Overnight into Friday and that low pressure makes headway eastwards bringing rain to Ireland and the west of the U.K. So Friday morning sees rain already clearing the west of Ireland but affecting The Midlands and the east coast stretching right up to the north. A dry start across The Irish Sea though. By mid-morning that band of rain is clearing Ireland and into the west of Wales and west coast of England and Scotland. This tight band of rain will then move slowly eastwards through the second part of Friday so most central and eastern areas look to stay dry for the day I’d say with the rain not arriving till after dark. Cooler again on Friday with that low pressure providing a fresher feel to the weather.

How does the weekend look ?

Well not too bad, a mixed outlook really with that rain clearing away from the east on Saturday morning to leave a reasonably dry picture. There’s a suggestion that some showers may develop across North Wales and track inland into The Midlands through the day but we will see. So Saturday not bad, cloudier across the west I’d say with some spells of pleasant sunshine.  Sunday sees a new band of rain push into the west of Ireland during the morning and this will track north and east bringing heavy rain into the north east of Ireland, south west of Scotland for the second part of the day. So away from that rain, we look pretty settled with nice conditions and temperatures in the mid to high teens. Not bad really.

GFS projected output 200921

Weather Outlook

So we start next week settled with high pressure holding off the low pressure out in The Atlantic. Now I’d say things are hanging in the balance a little because that trough breaking off from the bottom of the low looks set to push the jet stream lower. If it does that will allow the low pressure to push in during the first part of the week and bring us our first autumn storm with strong south westerly winds and rain by mid-week. It all hangs on the behaviour of that low though in the first part of the week. If it holds as is projected I can see rain across the southern half of the U.K on Monday pm and Tuesday acting as a forward guard for heavier rain pushing into Ireland overnight Tuesday into Wednesday together with strong winds. This low will push across the U.K and Ireland on Wednesday / Thursday before clearing east. The trailing edge of the low will pull down a north westerly air flow so that’ll mean a cooler end to the week I’d say. By the time we reach next weekend I think things will be settling down again across the southern half of the U.K but cooler and more changeable for the north.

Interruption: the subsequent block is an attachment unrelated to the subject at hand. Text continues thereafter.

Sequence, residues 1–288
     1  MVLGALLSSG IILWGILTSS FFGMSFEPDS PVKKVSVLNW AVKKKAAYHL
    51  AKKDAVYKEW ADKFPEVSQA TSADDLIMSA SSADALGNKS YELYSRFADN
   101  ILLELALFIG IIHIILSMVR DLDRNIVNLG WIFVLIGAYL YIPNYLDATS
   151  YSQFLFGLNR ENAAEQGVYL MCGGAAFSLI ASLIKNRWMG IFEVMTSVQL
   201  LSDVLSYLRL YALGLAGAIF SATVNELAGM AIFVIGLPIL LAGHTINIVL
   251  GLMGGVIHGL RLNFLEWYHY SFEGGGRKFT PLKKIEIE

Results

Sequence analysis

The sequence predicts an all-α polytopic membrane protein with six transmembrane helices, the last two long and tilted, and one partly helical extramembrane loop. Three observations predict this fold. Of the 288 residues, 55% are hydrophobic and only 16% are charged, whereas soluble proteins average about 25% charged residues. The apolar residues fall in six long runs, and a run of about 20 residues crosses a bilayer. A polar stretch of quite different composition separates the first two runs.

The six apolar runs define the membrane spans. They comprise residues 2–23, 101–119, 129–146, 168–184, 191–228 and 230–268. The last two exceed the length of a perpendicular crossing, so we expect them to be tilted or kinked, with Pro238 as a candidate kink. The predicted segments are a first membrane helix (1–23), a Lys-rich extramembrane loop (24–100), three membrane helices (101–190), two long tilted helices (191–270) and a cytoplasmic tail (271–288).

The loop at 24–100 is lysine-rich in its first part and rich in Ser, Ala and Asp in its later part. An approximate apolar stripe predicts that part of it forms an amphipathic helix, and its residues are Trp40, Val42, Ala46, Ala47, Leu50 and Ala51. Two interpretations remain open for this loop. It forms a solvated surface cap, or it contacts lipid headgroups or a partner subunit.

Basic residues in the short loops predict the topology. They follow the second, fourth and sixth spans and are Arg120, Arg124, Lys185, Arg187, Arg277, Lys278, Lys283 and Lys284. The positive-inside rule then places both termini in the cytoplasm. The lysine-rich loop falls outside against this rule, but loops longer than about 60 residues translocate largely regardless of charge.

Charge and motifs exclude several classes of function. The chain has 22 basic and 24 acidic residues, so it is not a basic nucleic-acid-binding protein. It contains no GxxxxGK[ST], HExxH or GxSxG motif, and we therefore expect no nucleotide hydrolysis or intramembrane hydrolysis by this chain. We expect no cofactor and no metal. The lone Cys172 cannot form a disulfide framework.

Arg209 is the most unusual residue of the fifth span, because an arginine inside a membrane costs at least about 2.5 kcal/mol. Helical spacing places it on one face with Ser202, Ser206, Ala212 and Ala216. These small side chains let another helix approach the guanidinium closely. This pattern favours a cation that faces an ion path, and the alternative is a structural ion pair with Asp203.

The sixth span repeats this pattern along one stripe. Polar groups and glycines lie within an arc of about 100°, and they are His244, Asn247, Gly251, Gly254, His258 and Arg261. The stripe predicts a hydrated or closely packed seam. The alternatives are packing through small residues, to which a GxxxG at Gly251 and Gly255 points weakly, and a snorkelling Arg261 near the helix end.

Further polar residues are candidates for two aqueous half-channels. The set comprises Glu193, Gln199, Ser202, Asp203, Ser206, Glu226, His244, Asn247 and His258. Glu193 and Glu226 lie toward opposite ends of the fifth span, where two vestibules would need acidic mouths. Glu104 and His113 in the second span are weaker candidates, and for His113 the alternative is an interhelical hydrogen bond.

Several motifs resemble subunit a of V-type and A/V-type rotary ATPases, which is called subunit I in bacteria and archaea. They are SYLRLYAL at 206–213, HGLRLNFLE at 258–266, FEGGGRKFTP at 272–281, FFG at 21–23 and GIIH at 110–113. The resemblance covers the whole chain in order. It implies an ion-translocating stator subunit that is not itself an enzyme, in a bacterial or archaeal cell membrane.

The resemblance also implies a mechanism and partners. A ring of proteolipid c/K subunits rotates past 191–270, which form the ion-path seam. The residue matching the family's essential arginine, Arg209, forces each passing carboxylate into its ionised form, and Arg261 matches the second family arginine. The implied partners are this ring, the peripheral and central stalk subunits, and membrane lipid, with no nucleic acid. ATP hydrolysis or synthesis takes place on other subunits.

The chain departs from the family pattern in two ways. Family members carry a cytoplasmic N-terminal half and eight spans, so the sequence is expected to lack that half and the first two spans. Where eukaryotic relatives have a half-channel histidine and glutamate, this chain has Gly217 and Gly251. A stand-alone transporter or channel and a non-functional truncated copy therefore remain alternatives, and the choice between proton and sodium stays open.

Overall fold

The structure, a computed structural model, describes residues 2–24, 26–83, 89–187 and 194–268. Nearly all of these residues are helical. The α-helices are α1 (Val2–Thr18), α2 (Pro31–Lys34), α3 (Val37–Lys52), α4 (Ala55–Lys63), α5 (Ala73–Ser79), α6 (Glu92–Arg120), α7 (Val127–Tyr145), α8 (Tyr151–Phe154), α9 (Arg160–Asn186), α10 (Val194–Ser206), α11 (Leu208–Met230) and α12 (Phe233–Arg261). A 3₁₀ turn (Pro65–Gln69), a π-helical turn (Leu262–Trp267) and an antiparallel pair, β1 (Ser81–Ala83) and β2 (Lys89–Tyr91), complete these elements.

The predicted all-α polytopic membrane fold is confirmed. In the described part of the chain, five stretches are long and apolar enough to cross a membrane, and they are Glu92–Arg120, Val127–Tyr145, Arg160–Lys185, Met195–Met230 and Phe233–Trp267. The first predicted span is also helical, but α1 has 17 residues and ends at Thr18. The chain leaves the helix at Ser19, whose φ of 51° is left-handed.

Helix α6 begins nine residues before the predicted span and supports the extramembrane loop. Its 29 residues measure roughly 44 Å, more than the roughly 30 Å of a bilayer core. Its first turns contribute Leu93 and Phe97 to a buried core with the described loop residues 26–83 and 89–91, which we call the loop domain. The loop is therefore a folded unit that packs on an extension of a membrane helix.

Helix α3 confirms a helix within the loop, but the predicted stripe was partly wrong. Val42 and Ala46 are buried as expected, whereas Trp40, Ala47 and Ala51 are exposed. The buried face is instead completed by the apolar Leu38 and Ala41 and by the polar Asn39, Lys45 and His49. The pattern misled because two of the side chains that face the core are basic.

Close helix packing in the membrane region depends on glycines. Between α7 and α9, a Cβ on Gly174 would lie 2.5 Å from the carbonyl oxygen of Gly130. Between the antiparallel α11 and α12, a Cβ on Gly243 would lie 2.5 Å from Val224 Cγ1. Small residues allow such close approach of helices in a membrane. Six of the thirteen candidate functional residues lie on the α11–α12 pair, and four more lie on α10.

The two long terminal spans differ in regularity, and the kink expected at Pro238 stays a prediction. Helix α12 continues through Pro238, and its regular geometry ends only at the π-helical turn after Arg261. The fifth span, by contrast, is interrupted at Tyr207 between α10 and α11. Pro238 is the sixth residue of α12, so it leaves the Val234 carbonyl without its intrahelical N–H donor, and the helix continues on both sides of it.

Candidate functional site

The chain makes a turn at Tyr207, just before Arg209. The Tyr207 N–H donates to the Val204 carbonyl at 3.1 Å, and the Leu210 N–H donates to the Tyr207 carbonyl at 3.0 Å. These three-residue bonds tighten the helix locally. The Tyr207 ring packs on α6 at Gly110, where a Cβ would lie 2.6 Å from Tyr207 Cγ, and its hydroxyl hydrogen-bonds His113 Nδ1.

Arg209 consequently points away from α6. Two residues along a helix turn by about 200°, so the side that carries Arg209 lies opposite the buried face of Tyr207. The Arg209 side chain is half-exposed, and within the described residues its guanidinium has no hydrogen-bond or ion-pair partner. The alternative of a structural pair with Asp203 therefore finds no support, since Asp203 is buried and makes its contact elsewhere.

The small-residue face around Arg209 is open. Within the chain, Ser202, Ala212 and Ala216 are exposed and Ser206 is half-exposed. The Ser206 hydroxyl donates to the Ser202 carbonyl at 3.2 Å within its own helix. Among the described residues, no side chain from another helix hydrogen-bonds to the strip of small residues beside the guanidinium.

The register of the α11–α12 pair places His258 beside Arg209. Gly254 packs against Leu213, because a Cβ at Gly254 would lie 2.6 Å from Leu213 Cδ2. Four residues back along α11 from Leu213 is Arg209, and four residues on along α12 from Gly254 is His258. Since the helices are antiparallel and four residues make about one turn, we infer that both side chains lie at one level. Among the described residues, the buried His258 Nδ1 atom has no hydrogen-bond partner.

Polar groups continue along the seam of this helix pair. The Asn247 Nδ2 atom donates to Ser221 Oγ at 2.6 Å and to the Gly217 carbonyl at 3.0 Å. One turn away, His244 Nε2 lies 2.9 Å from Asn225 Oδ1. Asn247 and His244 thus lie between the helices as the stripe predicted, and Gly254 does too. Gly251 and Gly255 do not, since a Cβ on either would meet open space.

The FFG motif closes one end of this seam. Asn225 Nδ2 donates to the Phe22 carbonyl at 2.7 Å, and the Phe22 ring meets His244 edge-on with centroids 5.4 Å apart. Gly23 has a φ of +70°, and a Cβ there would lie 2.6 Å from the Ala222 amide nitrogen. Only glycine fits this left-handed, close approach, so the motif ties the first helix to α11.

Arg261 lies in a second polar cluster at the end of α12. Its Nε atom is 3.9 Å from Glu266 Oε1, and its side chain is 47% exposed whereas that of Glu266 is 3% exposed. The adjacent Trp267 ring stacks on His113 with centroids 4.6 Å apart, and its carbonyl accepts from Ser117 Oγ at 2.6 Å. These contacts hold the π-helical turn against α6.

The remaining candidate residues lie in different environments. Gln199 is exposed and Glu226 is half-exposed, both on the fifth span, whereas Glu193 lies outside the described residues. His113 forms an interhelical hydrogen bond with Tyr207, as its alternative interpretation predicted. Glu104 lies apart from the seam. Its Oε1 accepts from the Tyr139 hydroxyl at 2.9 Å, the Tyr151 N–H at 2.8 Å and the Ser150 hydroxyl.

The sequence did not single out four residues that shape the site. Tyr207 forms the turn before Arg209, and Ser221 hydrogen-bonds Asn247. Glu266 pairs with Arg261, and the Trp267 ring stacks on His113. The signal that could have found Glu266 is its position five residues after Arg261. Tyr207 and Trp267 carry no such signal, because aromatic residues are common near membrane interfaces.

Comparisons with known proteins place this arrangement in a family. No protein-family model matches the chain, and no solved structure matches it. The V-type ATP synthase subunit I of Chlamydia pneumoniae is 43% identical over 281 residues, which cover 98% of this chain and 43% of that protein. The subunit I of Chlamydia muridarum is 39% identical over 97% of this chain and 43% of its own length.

I’d add that the ECMWF projection is for a slower development of the low pressure and a more sunshine and showers type outlook for next week with the south westerly airstream prevailing.

Agronomic Notes

Bit of a catch up day today as it is my first day back from hols 🙂

So a quick look back at August 2021, a month which will go down as a bit of a strange one with that east-west / north-south divide in terms of cloud cover, haar and lack of sunshine in some areas. Scotland being warmer and drier than the southern half of the U.K. The east being cloudy, dull and cool courtesy of that seemingly never ending run of north easterly winds that pulled cloud cover and cooler temperatures in from The North Sea. So how did it stack up GDD-wise ?

Well as we can see from the GDD summary output above (thanks as always to Sean for sending in the data and to Wendy for compiling), August 2021 will come in towards the low end of the GDD totals and breaking an increasing pattern from 2018 onwards of warm August’s.

When we apply that to the cumulative GDD total we end up well down on last year in terms of GDD and again towards the bottom end of the annual totals y.t.d. So despite the headlines of increasing warmth and climate change, the cooler start to 2021 and in particular, the cold, dull April have suppressed this trend.

We wait to see of course what the last quarter of the year brings though….

G.P & Rainfall stats – U.K locations